Learning as a patient What and how individuals want to learn when preparing for surgery, and the potential use of serious games in their education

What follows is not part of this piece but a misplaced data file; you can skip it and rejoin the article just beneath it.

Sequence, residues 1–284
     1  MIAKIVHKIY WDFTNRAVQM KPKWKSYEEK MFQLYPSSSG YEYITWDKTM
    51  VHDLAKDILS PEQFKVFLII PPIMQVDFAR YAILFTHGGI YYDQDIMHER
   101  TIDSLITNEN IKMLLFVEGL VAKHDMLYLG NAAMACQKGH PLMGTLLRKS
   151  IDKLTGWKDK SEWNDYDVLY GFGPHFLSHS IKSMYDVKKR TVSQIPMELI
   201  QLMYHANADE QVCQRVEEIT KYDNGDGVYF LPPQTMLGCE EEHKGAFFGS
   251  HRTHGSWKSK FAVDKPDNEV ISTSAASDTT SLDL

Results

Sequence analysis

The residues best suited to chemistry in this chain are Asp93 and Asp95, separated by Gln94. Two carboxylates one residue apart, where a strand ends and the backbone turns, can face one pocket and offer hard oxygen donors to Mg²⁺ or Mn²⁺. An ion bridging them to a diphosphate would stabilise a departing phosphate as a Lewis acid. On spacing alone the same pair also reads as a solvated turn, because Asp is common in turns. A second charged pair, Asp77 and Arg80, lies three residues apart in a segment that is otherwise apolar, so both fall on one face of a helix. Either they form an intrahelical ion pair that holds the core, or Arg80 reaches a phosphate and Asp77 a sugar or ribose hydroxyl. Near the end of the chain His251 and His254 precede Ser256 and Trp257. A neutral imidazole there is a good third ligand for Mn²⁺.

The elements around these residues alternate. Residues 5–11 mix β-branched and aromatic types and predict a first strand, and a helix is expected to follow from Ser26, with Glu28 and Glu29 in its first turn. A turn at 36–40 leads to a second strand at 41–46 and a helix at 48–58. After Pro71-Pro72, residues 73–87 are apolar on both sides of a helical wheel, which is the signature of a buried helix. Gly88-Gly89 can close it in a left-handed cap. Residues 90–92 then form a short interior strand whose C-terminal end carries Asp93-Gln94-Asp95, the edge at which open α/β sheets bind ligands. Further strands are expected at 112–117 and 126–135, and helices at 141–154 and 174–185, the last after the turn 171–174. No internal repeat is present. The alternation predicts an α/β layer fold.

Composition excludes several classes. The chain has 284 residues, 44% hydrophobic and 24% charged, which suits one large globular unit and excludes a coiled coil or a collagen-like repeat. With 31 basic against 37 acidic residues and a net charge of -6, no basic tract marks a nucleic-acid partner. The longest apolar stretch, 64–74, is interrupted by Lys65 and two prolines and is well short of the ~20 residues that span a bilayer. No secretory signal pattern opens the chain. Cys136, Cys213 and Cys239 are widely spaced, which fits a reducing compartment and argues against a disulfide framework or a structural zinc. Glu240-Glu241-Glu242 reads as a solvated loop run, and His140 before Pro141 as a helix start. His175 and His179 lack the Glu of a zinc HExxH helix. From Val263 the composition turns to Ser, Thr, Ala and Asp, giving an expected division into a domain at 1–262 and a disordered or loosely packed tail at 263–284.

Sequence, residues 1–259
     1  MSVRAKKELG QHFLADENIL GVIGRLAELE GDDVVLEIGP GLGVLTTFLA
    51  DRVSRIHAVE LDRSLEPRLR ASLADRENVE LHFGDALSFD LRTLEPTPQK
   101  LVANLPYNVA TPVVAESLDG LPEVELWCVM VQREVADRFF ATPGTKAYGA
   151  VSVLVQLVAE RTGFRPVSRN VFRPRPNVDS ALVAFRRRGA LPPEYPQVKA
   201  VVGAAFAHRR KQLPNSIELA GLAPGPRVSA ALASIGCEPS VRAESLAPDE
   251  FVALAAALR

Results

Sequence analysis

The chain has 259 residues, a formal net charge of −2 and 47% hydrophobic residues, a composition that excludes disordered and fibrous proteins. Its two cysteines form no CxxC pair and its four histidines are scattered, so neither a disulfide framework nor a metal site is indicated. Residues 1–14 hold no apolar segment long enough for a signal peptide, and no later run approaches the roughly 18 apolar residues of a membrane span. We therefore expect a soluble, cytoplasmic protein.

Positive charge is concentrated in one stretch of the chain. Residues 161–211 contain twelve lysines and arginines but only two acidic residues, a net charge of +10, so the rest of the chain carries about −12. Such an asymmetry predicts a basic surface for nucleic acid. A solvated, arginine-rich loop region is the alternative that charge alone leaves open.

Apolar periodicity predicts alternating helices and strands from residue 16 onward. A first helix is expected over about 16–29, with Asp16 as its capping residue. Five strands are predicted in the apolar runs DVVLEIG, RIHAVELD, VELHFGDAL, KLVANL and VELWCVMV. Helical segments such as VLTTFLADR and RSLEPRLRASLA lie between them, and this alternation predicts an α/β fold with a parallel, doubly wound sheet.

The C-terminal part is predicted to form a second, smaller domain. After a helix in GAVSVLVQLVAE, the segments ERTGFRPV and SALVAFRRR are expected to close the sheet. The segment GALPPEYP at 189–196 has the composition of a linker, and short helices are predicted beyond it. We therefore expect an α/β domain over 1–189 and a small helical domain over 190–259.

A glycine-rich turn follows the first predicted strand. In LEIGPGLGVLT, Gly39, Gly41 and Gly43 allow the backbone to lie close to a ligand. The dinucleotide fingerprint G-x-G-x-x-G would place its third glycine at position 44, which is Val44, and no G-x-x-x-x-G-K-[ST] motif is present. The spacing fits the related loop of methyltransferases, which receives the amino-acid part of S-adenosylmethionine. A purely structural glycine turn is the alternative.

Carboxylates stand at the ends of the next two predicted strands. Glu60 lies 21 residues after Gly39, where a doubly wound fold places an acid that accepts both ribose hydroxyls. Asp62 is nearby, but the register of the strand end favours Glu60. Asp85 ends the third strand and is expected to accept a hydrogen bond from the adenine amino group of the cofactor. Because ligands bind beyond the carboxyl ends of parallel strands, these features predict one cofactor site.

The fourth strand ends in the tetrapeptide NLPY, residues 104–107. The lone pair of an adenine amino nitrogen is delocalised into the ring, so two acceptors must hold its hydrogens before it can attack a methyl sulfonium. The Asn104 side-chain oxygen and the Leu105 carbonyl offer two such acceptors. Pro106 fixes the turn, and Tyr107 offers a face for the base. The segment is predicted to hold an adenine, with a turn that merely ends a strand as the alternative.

Abstract: Introduction: Surgical patients need knowledge to participate in their own care and to engage in self-care behaviour in the perioperative period which is important for their recovery. Patient education facilitates such knowledge acquisition and several methods can be used to facilitate it, for example, face-to-face education and brochures or using information technology such as website or computer games. Healthcare professionals have been slow to seize the possibilities that information technology has to offer within the field, including the use of serious games. To optimise patient education, the information is needed on the patients’ needs and preferences and what they think about the idea of using a serious game to learn about self-care.Aim: The overall aims of this thesis were to describe the knowledge expectations of surgical patients, to describe how surgical patients want to learn, and to explore the potential use of serious games in patient education.Methods: This thesis includes four studies that used both quantitative and qualitative data to describe aspects of patient learning in relation to surgery. Study I has a prospective and comparative design with survey data collected before surgery and before hospital discharge from 290 patients with osteoarthritis undergoing knee arthroplasty. Data was collected on fulfilment of knowledge expectations and related factors. Study II is a cross-‐sectional study in 104 patients with heart failure who had been scheduled for cardiac resynchronisation therapy (CRT) device implantation. Data was collected on knowledge expectations and related factors. In Study III the perceptions of 13 surgical patients towards novel and traditional methods to learn about post-operative pain management are explored in a qualitative interview study using content analysis. Study IV describes the development and evaluation of a serious game to learn about pain management with the participation of 20 persons recruited from the public. The game was developed by an interdisciplinary team following a structured approach. Data on the efficacy and usability of the game was collected in one session with questionnaires, observations and interviews.Results: Participants reported high knowledge expectations. Knowledge expectations were highest within the bio-physiological knowledge dimension on disease, treatment and complications and the functional dimension on how daily activities are affected, both of which include items on self-care. Most participants wanted to know about the possible complications related to the surgery procedure. In none of the knowledge dimensions the expectations of participants were fulfilled. Participants received most knowledge on the physical and functional issues and received least on the financial and social aspects of their illness. The main predictor of fulfilment of knowledge expectations was having access to knowledge in the hospital from doctors and nurses. Trust in the information source and own motivation to learn shaped how the participants thought about different learning methods. Although the participants were open to using novel learning methods such as websites or games they were also doubtful about their use and called for advice by healthcare professionals. To develop a serious game with the goal to learn about pain management, theories of self-care and adult learning, evidence on the educational needs of patients about pain management and principles of gamification were found useful. The game character is a surgical patient just discharged home from hospital who needs to attend to daily activities while simultaneously managing post-operative pain with different strategies. Participants who evaluated a first version of the serious game improved their knowledge and described usability of the game as high. They were positive towards this new learning method and found it suitable for learning about pain management after surgery in spite of some technical obstacles.Conclusions: Surgical patients have high knowledge expectations about all aspects of their upcoming surgery and although they prefer direct communication with healthcare professionals as a source for knowledge they might be open to try using more novel methods such as games. Preliminary short-‐term results demonstrate that a serious game can help individuals to learn about pain management, and has the potential to improve knowledge. A careful introduction, recommendation, and support from healthcare professionals is needed for implementation of such a novel method in patient education.
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